Olympic Journey - 2008
The Road to Beijing Begins in Omaha
A STAR IN THE MAKING
Nathan Adrian, swimming in his first Trials, made waves in the swimming world with his win at the Omaha Swimvitational earlier this month.
Adrian, 19, beat American record-holder and two-time defending Olympic champion Gary Hall, Jr., as well as the 2004 Olympic silver and bronze medalists, in the 50 freestyle. He posted a personal best of 22.01 seconds in that event, and finished second to Michael Phelps in the 100 free.
This season seems to be more of a debut to the swimming world for Adrian, a 2006 Bremerton High graduate.
He won his first world championship title at the short-course meet in Manchester, England, in April, helping the U.S. to a gold and world record in the 400 free relay and a silver and American-record in the 400 medley relay.
Hall even touted Adrian, his training partner at The Race Club in Florida, following the Omaha meet.
"He's the kid. He's the one to watch," Hall said in a story by the Associated Press. "He's just going to continue to improve. He's the whole package. Some people have the mental aspect. He's got the strength, the feel, the technique and a good head on his shoulders."
It seems the decision to leave California for a year to train full-time was worth it.
Adrian plans on returning to Berkeley in the fall, where he will be a sophomore after applying for an Olympic waiver, which essentially gives him a red-shirt season. He already has a roommate and classes lined up for when he returns.
Like every other swimmer, Adrian started tapering — where swimmers scale back practices to rest and relax before a major meet — about two weeks ago. Adrian said his schedule was pretty relaxed and if he felt like sleeping in, his coach Mike Bottom let him. Although he usually tried to get in a workout every day.
"He wants to do more work than I want him to do," Bottom said.
It's not surprising considering Adrian regularly works hard. He famously put in a four-to-five hour 20,000-yard practice every New Year's Eve while in high school.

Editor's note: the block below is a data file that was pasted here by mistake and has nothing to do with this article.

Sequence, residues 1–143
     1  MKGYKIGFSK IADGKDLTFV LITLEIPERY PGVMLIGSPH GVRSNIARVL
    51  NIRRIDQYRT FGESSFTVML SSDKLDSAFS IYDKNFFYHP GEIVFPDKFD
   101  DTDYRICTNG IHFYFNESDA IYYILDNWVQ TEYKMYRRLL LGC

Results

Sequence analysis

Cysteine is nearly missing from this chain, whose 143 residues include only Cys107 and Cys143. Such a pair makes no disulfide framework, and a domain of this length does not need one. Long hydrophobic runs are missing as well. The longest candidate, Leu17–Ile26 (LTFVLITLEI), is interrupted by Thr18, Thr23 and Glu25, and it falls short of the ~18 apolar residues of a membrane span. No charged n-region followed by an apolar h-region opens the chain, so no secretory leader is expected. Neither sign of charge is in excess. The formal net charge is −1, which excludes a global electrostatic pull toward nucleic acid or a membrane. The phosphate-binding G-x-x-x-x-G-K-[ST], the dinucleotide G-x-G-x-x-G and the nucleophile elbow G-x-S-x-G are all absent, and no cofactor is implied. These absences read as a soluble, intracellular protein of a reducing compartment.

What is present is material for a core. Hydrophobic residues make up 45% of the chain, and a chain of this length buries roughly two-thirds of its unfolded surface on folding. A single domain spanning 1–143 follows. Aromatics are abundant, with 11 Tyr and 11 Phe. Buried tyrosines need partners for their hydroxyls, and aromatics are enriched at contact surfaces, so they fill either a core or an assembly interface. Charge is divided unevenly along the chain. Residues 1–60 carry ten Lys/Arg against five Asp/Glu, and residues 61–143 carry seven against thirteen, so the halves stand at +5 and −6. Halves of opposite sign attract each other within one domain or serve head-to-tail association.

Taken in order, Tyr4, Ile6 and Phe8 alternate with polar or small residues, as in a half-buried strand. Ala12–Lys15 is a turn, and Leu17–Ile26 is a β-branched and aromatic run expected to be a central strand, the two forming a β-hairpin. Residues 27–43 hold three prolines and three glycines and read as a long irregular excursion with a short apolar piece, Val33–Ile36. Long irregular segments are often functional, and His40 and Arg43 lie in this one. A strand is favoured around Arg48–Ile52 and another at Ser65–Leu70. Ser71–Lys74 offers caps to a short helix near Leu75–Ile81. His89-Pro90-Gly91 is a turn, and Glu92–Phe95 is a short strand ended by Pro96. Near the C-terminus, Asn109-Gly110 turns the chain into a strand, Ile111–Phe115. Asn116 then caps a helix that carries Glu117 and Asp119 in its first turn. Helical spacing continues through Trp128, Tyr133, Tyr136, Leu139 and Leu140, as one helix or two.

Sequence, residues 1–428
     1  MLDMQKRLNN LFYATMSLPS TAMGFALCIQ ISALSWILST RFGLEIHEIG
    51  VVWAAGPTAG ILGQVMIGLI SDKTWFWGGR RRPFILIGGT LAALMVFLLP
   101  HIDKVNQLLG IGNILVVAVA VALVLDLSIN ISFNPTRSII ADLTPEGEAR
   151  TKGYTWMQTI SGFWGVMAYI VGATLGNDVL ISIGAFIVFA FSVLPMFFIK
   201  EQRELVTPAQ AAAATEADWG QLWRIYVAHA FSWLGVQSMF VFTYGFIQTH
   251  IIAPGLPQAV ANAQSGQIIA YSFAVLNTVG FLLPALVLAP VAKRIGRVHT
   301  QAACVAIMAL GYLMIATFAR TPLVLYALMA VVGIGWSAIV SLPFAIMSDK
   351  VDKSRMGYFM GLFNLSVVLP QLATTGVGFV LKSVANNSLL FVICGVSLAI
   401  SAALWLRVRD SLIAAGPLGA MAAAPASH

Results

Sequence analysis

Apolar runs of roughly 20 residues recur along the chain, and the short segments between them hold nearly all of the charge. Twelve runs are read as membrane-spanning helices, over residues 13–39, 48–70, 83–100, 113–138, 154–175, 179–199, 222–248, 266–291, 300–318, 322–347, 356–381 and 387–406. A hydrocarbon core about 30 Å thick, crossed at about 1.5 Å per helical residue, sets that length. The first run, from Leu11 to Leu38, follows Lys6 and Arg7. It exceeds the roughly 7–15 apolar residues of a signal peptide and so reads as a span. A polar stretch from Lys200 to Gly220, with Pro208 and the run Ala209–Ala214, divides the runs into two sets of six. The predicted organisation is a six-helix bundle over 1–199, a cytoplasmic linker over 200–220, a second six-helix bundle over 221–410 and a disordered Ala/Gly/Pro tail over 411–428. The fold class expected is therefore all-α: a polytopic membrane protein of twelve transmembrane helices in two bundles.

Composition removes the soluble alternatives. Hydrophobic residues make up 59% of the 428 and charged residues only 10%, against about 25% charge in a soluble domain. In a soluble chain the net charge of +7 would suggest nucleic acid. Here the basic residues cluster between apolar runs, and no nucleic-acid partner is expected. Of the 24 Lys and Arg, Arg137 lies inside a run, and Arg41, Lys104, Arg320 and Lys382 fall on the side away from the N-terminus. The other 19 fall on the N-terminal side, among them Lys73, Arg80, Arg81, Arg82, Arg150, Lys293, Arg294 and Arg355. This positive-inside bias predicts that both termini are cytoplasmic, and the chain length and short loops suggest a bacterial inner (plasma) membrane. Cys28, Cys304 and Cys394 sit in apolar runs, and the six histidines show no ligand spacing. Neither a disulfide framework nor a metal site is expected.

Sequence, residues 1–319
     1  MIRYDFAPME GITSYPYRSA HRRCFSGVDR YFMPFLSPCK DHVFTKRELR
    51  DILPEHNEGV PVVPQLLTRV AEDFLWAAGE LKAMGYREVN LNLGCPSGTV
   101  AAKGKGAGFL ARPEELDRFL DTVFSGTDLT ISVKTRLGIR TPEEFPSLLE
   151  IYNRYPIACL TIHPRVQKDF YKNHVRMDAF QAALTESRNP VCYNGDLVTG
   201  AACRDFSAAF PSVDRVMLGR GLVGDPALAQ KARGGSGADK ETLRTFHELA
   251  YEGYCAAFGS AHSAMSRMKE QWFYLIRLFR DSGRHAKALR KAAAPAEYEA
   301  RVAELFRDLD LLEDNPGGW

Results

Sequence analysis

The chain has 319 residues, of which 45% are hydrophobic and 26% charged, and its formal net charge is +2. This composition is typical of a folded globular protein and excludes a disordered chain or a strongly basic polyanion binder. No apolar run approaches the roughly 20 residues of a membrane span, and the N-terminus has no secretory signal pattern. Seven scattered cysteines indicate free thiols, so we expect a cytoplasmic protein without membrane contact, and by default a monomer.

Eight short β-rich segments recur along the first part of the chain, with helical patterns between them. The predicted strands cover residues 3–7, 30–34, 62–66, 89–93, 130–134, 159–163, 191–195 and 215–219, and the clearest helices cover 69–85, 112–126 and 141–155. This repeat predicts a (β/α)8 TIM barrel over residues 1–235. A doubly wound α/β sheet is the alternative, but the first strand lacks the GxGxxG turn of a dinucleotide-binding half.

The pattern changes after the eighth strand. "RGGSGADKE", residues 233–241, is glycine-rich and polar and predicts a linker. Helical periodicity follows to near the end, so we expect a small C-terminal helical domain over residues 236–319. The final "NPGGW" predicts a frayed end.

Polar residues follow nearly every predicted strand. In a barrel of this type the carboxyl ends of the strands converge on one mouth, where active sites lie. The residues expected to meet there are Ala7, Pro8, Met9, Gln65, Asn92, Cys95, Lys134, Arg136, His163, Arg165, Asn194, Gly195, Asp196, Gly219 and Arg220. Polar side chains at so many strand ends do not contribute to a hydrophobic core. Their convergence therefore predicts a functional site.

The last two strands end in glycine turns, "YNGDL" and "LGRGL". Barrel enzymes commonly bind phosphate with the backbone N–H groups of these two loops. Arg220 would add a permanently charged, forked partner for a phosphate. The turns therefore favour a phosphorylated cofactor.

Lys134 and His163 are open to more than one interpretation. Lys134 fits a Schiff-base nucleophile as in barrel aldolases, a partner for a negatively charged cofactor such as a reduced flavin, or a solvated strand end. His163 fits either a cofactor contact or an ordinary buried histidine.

"Besides that it's just a whole lot of rest," Adrian said. "I really can't do anything much. I climb the stairs slower, I never run anywhere. I kind of feel like a sloth."
The trickiest part may have been the waiting.
"I think I am ready to know what I am going to do for the next two months of my life," he said. "It pretty much depends on either 22 seconds or 48 seconds of my life."
The 6-foot-6, 215-pounder has spent some of his free time spearfishing in the Florida Keys, as well as playing video games with his roommates. He's even picked up nicknames like Bok Choy and Kung Pow, all in good-natured fun of course.
"It's a lot of fun being on such a close team because we can joke around and not ever hurt anyone's feelings," Adrian said. "Part of the success of The Race Club is providing a fun environment to train in, because if you are having fun it's easier to work hard."
Adrian also believes his biggest strength right now is his confidence and mental toughness.
"Mentally I have gained experience," he said. "I know how to deal with stress a little better. I know more of what to expect."
Coach Bottom agreed.
"I think his confidence is growing into his position," Bottom said. "He's not a favorite (but) he's a known commodity. He needed to get to that place of confidence and look at anyone and (know he could) beat them."
Adrian wasn't expected to be in this position, which is a good place to be in right now, said Bottom.
"The other guys are looking back," he said.
HOW THE TEAM IS CHOSEN
There are four criteria used by USA Swimming to determine swimmers selected to Beijing. Here's a quick look at how they will be chosen.
1. Any winner of an individual finals event (besides 100, 200 freestyle) is automatically added to the team. The top four times in the 100 and 200 freestyle finals are chosen as well.
2. The second fastest individual in any finals event (other than 100-200 free) will be added to the team.
3. The fifth fastest individual in the finals of the 100 and 200 freestyle will be added to the team.
4. The sixth fastest individual in the finals of the 100 and 200 freestyle will be added to the team.
Also, if the team has not reached its maximum of 26 men and 26 women, then more swimmers can be added to fill the roster. Individuals can also be excluded if the maximum has been reached after the four priorities.
U.S. OLYMPIC TRIALS AT A GLANCE
At Omaha, Neb.
Bremerton's Tara and Dana Kirk, Nathan Adrian and Bainbridge's Emily Silver are all vying for a spot on the U.S. swim team
Web cast (prelims only)
Time: 5 p.m. TV: Ch. 5
Annette Griffus, Kitsap Sun, June 28, 2008.
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